Marshall Islands - History and Cultural Relations

Europeans first became aware of the atolls of the Marshalls' area in 1529 when Alvaro de Saavedra Ceron stopped briefly at two atolls, most likely Ujelang and another atoll in the northwest part of the region (Enewetak or Bikini), though Magellan had sailed through the Marshalls' latitudes without sighting land in the previous century. On behalf of Spain, voyagers on the San Lucas laid claim to some Rālik and Ratak atolls in 1565 and, while European visitors were infrequent for the next two centuries, explorers again sought landings in search of water and supplies in the late eighteenth and early nineteenth centuries. The Marshalls, like the neighboring Gilberts, were named for British explorers traveling from New South Wales to Canton in 1788. The nineteenth-century Russian explorer Otto von Kotzebue was the first to develop a serious interest in the people of Ratak and, not long after his visit, whalers began to frequent the area. The American Board of Commissioners for Foreign Missions (ABCFM), which had sent missionaries to Hawai'i in 1819, expanded their attempt to save islanders' souls to Micronesia in 1852, and by 1857 a mission station was founded on Ebon in the southern Rālik chain. Subsequent mission stations were established on even the most distant atolls like Enewetak by the mid-1920s. Likiep, which was purchased in 1877 as a copra plantation by A. DeBrum (a partner in Adolph Capelle & Co., an early trading firm), is the only atoll not heavily influenced by ABCFM descendants. For most Marshallese, the Catholic beliefs of Likiep residents were used to construct the religious "other," until a plethora of religious forms appeared on Majuro in the 1970s and 1980s. When the market for whale oil was replaced by coconut oil in the latter half of the nineteenth century, Marshall Islanders were drawn into a European- and American-dominated marketplace. Copra demanded land, laborers, and overseers, and Marshall Islands land tenure, family form, and chieftainship reshaped themselves to accommodate these demands. German copra firms sparked the expanding colonial interests, and in 1885 Germany claimed much of the west central Pacific, including the Marshalls, as its own. For thirty years mission forces and German administrators battled with one another, but as imperial Germany focused its efforts on war, Japan rapidly laid claim to Micronesia. Ironically, their own thirty-year reign would be terminated by another world war but, in the interim, the Japanese became the only committed colonizers of the Marshalls. Japan expanded copra production, opened Japanese-operated copra stations on most atolls, and convinced Marshall Islanders that, through diligence and obedient training, they could become Japanese citizens. In the late 1930s Japan's intentions shifted, and Marshallese were drafted as supporters while Japan prepared for war. Early in 1944 the Marshalls were involved in a holocaust involving battles between American and Japanese forces. Lives were lost and the physical forms of islets were transformed. They were denuded of vegetation and literally blown away by bombing and shelling.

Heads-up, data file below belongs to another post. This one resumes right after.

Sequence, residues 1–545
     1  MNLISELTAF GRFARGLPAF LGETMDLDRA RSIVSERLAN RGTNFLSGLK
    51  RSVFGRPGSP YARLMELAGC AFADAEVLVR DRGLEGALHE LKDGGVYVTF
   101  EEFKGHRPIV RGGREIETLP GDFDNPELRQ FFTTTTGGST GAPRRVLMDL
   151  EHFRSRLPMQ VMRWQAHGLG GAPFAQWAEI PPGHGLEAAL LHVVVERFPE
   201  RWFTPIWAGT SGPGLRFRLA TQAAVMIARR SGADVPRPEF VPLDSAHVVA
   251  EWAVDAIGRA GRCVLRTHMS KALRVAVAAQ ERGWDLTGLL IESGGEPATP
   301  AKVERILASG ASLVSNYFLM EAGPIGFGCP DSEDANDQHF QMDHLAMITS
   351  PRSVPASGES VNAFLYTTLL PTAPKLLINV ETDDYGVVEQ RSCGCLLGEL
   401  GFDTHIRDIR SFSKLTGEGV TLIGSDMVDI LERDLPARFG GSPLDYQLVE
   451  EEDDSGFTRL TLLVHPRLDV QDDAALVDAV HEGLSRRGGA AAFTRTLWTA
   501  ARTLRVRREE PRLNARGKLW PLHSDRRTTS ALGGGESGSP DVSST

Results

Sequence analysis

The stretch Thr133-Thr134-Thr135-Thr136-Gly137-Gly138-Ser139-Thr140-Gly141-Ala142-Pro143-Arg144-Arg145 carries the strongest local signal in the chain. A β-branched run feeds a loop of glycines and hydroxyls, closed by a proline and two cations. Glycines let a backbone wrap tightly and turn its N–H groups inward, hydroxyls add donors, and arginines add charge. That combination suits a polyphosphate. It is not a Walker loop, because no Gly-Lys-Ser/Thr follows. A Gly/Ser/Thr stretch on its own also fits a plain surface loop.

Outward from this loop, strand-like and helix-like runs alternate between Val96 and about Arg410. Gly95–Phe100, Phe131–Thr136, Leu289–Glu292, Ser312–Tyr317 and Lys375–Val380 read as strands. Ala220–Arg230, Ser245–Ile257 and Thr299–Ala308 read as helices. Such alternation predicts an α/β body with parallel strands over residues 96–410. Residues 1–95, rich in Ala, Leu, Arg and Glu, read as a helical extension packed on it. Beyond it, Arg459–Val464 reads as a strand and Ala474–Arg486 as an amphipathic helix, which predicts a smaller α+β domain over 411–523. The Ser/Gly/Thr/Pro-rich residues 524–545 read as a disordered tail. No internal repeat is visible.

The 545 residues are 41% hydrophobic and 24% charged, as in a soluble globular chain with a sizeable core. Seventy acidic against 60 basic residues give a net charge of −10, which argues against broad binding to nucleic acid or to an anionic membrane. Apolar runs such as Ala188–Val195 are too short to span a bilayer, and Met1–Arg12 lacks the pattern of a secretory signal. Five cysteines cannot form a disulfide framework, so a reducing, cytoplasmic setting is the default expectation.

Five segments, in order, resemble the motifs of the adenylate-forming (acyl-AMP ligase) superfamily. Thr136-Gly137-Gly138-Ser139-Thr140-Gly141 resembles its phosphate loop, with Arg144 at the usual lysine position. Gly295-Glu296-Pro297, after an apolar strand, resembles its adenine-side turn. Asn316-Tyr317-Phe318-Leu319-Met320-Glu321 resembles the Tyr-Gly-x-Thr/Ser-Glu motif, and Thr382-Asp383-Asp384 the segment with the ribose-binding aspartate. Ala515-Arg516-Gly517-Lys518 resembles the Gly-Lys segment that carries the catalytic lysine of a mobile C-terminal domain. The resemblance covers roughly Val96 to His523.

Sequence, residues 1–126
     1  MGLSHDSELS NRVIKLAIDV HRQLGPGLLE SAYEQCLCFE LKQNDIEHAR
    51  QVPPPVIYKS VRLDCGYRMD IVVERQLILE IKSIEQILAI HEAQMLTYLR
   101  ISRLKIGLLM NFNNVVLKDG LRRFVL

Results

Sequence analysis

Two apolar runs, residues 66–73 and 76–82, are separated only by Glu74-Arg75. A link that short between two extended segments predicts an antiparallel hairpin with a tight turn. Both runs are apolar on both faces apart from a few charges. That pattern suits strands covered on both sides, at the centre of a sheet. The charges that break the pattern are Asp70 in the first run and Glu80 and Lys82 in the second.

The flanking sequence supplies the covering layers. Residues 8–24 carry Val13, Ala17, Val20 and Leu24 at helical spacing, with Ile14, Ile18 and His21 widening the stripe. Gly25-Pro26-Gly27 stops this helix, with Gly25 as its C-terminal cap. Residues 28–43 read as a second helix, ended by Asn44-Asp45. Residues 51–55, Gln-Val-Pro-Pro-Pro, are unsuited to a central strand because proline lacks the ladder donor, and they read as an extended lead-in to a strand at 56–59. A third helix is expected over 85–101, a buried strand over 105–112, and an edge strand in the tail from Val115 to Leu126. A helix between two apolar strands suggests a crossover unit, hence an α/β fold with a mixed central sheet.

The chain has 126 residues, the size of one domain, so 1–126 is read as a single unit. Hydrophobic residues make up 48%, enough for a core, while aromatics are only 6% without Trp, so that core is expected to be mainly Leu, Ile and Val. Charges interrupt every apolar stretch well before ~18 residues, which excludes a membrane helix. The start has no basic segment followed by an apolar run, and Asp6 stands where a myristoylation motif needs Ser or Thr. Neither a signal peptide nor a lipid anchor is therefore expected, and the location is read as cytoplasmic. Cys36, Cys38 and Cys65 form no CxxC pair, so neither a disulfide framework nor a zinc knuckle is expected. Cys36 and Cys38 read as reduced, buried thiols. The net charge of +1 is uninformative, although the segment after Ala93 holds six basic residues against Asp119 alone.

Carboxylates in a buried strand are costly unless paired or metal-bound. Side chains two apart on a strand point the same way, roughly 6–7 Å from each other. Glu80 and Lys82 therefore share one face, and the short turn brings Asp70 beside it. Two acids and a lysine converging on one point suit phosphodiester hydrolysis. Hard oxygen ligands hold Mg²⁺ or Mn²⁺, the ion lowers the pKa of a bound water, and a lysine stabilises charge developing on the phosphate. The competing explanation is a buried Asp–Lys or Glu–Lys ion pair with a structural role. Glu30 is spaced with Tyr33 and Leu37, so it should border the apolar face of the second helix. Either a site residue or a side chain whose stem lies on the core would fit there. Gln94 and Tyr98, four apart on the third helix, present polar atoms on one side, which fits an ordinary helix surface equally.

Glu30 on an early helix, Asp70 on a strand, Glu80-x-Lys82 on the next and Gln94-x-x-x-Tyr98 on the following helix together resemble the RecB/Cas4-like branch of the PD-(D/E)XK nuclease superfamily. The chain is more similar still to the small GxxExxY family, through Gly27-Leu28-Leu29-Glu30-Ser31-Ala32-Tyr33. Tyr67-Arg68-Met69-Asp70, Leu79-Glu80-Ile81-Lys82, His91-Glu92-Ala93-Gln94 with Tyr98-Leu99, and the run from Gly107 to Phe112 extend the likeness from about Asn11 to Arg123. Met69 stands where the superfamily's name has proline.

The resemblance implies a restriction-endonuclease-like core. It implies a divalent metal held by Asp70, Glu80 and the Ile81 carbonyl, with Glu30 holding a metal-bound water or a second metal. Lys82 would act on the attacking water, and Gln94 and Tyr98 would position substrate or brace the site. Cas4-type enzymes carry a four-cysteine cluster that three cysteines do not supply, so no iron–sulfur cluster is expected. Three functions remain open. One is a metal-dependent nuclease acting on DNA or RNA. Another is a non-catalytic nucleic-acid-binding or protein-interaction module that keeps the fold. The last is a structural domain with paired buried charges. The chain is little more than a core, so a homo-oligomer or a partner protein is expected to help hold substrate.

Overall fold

Within two months American military forces were in firm control of the critical atolls, and the strategic value of Marshallese soil was established in their minds. While America's hands-off colonial policies slowed the developmental programs begun by the Japanese, the strategic importance of the islands eventually resulted in more radical changes in the Marshallese life-style. Monetary compensations for nuclear damages on out-of-the-way Enewetak and Bikini atolls, for concomitant radiation-related suffering on Ronglab and Uterik, and for missile-tracking experiments and facilities on Kwajalein and Enewetak have created radical disparities of wealth among atoll dwellers. These changes, along with the bureaucratic expansion accompanying the creation of the Republic of the Marshall Islands, account for the significant demographic shifts witnessed today.

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